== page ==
The comments to the KSL story reveal some interesting information. It appears some landlords may be screening out ex-cons who've been crime-free for more than four years under the guise of the Good Landlord Program. One commenter writes, "They do take stuff like this too far. I can see how in some cases it would be a good thing. But my roommate lost his job, so i got another roommate to replace him. They denied her on the lease for a possession charge 6 years ago. She's been clean and crime free since. Tell me how that's helping? Besides causing me to fall behind on rent and lose the apartment?"
But a couple of other comments reveal an interesting trend. When the program was first implemented in 2004, it was based upon the definitions of felonious crimes against persons and property in effect at that time. But since then, the number of such crimes considered qualifying felonies has increased. Thus more ex-cons are being caught up in the net.
Redsoxunixgeek 12:53pm - Mon Aug 16th, 2010:
I think there is a difference between not renting to a felon who is a known sex offender as opposed to the felon who got busted with some weed 4 years ago, or the person who is on probation for some small white collar crime that they shouldn't have committed...something says this could be a lawsuit waiting to be filed by someone who got a DUI and now can't live in a decent house.
Pleasinreason 1:08pm - Mon Aug 16th, 2010:
...When I was young a felon meant armed robbery, rape, murder etc, now it could be your kid or anyone's for that matter, just one wrong judgment, and you are branded for life? Makes little sense to me, life is hard enough. Let's make the laws reflect the damage really done, not some nuty law related to the so called war on drugs that is not working.
I am not siding with drug users, just saying most kids will likely try and a percentage will get caught, should not ruin the rest of their lives.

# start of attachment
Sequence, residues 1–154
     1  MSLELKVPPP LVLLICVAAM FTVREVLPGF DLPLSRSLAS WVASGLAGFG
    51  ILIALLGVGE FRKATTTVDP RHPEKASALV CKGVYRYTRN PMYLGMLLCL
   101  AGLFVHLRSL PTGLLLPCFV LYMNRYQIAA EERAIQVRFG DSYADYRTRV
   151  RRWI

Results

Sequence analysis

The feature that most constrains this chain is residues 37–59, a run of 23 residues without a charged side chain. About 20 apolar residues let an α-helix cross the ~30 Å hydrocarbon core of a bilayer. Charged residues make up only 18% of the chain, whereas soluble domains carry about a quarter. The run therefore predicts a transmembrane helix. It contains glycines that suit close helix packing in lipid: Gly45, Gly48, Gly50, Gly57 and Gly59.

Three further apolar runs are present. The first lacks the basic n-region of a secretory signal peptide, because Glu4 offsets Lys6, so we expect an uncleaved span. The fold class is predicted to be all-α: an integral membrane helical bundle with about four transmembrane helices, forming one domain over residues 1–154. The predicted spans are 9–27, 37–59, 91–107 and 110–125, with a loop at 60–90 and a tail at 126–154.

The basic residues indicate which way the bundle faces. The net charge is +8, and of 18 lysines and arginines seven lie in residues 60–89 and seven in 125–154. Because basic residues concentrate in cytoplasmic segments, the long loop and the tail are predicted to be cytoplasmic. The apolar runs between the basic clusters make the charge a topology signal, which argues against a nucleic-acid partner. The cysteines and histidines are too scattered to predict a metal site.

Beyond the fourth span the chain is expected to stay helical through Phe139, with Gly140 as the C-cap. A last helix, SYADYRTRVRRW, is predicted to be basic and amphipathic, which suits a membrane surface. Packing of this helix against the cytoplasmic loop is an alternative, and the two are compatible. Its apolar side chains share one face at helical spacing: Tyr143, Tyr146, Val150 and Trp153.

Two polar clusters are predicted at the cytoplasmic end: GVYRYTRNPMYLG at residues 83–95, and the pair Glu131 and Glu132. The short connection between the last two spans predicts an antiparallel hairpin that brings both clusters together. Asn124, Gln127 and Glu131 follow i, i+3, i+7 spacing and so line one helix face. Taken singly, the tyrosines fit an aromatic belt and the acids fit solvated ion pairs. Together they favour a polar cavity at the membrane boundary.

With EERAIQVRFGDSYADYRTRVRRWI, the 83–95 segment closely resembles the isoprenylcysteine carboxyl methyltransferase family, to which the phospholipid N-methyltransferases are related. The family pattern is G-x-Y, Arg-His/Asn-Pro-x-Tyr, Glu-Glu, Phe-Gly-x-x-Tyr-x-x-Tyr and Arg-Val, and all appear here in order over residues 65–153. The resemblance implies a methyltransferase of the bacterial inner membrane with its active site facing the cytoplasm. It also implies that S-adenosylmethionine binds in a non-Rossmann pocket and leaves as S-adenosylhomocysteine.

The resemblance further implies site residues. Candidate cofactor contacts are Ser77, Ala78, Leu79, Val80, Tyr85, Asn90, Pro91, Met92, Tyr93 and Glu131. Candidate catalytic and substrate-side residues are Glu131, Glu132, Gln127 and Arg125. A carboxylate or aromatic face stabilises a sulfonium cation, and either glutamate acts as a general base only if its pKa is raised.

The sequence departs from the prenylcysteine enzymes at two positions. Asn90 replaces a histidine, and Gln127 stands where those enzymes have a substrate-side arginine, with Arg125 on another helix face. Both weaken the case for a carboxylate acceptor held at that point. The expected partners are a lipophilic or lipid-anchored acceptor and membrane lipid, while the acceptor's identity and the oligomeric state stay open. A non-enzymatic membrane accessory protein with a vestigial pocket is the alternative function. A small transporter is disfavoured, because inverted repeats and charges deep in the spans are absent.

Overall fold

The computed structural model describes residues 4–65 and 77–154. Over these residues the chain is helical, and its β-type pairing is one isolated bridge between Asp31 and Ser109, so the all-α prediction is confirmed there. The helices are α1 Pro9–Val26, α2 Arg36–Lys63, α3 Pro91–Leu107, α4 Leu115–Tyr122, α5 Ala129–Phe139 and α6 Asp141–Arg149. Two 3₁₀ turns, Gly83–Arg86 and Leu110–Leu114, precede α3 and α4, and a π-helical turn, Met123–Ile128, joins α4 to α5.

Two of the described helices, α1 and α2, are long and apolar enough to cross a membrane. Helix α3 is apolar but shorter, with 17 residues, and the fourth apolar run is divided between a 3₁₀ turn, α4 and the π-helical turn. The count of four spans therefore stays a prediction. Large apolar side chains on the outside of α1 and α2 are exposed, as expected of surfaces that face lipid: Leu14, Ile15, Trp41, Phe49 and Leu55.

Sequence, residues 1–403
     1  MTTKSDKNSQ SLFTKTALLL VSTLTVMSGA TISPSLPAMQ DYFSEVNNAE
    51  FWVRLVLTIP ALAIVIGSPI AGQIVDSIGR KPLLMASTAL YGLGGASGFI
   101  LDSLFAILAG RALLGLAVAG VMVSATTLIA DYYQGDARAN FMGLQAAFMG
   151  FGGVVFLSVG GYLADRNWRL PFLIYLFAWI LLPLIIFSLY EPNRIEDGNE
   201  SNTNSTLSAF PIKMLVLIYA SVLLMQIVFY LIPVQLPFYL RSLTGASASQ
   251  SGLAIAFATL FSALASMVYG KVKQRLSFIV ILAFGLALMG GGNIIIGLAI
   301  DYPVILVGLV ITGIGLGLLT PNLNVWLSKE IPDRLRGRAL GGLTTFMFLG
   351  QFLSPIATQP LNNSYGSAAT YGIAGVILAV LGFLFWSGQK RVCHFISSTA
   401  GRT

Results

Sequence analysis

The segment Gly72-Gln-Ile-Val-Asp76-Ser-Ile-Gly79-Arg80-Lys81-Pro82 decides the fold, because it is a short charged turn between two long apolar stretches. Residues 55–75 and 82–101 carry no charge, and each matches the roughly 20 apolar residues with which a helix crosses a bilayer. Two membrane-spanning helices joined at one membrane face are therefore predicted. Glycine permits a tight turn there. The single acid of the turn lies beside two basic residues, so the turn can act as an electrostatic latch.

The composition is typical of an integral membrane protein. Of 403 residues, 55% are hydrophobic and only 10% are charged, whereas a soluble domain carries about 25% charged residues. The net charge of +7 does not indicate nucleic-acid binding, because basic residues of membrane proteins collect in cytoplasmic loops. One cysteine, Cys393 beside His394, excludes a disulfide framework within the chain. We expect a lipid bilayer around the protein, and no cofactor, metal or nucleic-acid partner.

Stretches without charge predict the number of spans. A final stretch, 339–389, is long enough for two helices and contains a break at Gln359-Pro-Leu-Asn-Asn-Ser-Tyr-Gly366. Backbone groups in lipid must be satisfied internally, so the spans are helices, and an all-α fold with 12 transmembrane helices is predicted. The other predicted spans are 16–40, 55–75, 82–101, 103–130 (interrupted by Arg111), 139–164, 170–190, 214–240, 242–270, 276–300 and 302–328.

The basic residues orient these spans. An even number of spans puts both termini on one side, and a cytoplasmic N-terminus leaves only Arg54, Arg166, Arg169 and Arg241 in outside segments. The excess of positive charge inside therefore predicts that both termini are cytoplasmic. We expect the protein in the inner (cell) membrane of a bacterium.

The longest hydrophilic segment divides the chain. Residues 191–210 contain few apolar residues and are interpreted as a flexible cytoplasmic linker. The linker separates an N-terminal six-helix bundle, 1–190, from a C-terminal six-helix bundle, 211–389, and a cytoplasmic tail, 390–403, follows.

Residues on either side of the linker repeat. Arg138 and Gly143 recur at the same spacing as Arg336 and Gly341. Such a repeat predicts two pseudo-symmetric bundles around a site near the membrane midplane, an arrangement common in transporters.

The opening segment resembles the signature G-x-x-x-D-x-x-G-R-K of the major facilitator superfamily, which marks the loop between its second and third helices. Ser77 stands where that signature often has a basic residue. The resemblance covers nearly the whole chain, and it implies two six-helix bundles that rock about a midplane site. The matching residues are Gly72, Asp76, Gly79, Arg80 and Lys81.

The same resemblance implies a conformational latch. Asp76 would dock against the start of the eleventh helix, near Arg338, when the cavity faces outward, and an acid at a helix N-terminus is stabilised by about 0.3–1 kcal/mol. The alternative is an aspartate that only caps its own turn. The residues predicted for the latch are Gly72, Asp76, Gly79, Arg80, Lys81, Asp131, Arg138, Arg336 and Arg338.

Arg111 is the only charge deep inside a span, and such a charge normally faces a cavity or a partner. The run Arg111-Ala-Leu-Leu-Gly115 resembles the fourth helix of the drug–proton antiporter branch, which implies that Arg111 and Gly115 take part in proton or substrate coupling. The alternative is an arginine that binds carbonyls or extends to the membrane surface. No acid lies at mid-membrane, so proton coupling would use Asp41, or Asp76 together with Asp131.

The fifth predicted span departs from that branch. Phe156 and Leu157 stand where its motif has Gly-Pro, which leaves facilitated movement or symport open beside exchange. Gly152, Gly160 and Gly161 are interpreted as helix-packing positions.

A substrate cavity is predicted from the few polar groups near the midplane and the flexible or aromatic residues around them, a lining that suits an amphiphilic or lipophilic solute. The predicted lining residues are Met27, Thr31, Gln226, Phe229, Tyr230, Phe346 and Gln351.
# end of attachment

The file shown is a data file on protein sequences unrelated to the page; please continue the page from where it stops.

Serenity_May 1:24pm - Mon Aug 16th, 2010:
The problem is the system no longer allows for kids to be young and dumb. There is usually little likelihood for a real second chance when you have been convicted of a felony. It follows you for life despite if you have learned from it and grown into a better person you can still be denied a good job and decent housing.
The system is built to keep a large part of the population from voting and being educated cause the less knowledge and chances people have the longer this country can be ran into the ground.
In the final analysis, the Good Landlord Program is actually a worthwhile endeavor. It does discriminate between offenders against persons and property from those who commit paper crimes like lying on a campaign disclosure form. It does noticeably reduce crime. The real problem is that a state legislature anxious to be seen as "tough on crime" may have slapped the felony designation on too many offenses. The road to hell can be paved with good intentions; if we want ex-cons to succeed, we must allow them the opportunity to compete. Sure, they weren't forced to commit the crimes in the first place, but some of us can be young and dumb.